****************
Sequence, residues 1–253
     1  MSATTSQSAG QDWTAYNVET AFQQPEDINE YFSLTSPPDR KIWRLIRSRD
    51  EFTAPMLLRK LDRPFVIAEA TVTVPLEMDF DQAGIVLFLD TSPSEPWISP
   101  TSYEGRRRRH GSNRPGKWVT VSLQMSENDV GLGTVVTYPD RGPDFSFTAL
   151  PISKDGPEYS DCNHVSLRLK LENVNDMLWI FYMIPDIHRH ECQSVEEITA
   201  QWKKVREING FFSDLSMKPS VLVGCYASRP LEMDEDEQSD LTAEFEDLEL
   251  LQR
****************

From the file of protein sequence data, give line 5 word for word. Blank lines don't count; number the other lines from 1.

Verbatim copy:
   151  PISKDGPEYS DCNHVSLRLK LENVNDMLWI FYMIPDIHRH ECQSVEEITA